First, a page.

09-30-08 | Printable Version

Patience, Optimism and Stubborness Pay Off

From 60% revenue growth to staff walkouts, Roy Bode reflects on the first two years of ownership

On any given day on some news desk in America, a couple of editors are probably having coffee, killing time and thinking about buying a corduroy coat with patched sleeves, a pipe for rumination, a big roll top desk, and a country newspaper. There, writing like William Allen White, they plan to dispense sage wisdom to the folks of their new hometown, who will embrace them – and their newspaper – with fierce and undying loyalty and respect.

Well, in this day and age, I’m not really sure how many have corduroy coats or pipes in mind, remember William Allen White or prefer roll tops to desktops. But I am sure the dream of running your own paper still burns bright.

It did for me.

In my new life of seven-day weeks and 48-hour days, there hasn’t been a lot of time to reflect on the choice I made a little better than two years ago to leave a comfortable job cruising toward a pleasant retirement to buy four struggling weeklies and an uncertain future in the Texas Hill Country.

But when I do, an old movie called Mr. Blandings Builds His Dream House often comes to mind.

You should see it. Remember, it’s the 40s picture with Cary Grant and Myrna Loy where – with one slap of reality after another – a Madison Avenue ad guy finds his visions of life as a country squire are more easily imagined than realized.

Sure, I knew a lot more about weekly newspapers than the average New Yorker knows about farming and I really wasn’t thinking much about resurrecting Mr. White – though I did find a nice corduroy coat on sale. Instead, as my 60th birthday came into range, my idea was to wrap up my working life by having a little fun … and making some money.

I’d watched friends like Ken Johnson and Will Jarrett build a fortune in short order by clustering small market newspapers into the Westward group a few years ago. Once Ken survived his first heart attack, he seemed to be having a pretty good time.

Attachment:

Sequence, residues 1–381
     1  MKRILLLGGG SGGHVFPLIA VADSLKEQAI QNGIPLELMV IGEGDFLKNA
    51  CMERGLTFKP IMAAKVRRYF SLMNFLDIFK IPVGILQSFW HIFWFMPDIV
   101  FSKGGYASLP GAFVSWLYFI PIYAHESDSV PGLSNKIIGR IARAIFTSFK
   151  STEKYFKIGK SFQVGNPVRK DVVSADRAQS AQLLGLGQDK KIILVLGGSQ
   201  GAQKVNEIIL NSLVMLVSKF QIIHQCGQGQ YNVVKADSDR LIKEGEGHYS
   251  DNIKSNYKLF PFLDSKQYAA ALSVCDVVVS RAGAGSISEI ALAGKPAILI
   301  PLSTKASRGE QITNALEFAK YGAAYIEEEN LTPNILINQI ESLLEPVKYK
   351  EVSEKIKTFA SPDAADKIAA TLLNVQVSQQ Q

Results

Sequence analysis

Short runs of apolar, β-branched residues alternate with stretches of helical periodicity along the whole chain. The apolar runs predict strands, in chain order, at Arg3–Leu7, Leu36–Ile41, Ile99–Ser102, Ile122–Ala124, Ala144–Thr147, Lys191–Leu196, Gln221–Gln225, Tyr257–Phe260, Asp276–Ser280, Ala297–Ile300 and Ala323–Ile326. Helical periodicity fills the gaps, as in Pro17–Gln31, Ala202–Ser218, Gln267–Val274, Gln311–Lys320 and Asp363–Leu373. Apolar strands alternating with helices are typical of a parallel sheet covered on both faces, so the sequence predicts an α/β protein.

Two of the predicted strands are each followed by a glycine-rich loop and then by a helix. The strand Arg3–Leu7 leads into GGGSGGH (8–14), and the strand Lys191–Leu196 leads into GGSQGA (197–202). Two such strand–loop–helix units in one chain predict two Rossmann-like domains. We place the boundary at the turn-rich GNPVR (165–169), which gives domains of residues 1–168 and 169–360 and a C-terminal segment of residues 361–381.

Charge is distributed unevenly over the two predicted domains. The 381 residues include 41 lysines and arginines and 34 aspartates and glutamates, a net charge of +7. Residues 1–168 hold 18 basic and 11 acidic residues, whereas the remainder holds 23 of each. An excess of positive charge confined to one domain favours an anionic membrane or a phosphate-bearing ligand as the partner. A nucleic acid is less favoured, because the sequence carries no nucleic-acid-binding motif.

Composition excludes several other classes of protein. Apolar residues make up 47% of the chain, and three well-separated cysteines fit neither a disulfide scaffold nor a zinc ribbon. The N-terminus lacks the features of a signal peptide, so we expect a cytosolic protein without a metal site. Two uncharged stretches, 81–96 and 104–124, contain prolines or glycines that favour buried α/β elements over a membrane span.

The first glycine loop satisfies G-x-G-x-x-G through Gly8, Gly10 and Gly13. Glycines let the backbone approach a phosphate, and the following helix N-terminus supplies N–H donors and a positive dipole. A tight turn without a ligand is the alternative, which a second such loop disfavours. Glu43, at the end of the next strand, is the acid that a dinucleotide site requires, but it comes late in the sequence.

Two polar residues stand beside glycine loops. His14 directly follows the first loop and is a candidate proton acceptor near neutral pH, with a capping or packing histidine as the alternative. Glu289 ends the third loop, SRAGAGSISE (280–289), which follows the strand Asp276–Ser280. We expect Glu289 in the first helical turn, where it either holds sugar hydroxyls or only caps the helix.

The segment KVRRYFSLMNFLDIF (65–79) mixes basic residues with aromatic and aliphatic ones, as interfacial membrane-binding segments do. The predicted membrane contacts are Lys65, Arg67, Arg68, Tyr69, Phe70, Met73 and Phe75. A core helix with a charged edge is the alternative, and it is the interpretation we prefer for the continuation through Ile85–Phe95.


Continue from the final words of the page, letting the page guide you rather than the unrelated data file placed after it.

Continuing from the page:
So here was Phil Murray with the perfect chance for me to find out if I could do this too, even if on a smaller scale – and maybe without the heart attack.

The papers he brought me had fabulous upside: They were in position to dominate an incredible growth market, but were failing both as news and business enterprises. They had long and lustrous histories – one reaching back nearly a century-and-a-half – but had changed large-group owners four times in a decade.

What they needed was for a new owner to step up, personally take charge, set them on course, perhaps go shopping for a few more in the neighborhood, then live happily ever after.

All this didn’t require genius-power analysis.

But it did turn out to be a little tougher than it looked on spreadsheets and it called for more patience, flexibility, optimism, stamina, stubbornness, diplomacy, foresight and improvisation than I happened to stash away in my metro newspaper executive kit.

Right away, I learned a most important lesson: It’s not just how often the press turns that makes big dailies different from big weeklies – or at least from the semi-weekly and weeklies we acquired.

Like most small publishers, they’ve given me plenty of unexpected on-the-job training, allowing me to gain experience as a delivery driver, office clerk, repairman, janitor, photographer and salesman. In the gloomy pre-dawn hours where time for life appraisal always seems available, I’ve sometimes put aside worries of how to grow revenue and cut expense with the comforting thought that new career paths may now be open to me.

Of course, I’ve developed such versatility because this business is mainly about people. Managing employees by the hundreds is a lot easier than managing a couple of dozen. At a weekly, it takes every person and every job to make the presses turn and get the papers delivered.

Soon after he bought his own weekly group, my friend Ike Massey – who once ran metros in the Dallas, Houston and LA markets – observed, “The most frustrating thing about this place is that you can’t come in every morning and fire everyone you ought to.”

It’s also next to impossible – even in a resort setting like ours with lakes and hills, vineyards, championship golf courses, dining from barbecue to gourmet and shopping from box stores to bookshops – to find and keep employees with ambition, ability, an understanding that working at a newspaper is different from working at the mill, and a devotion to the craft.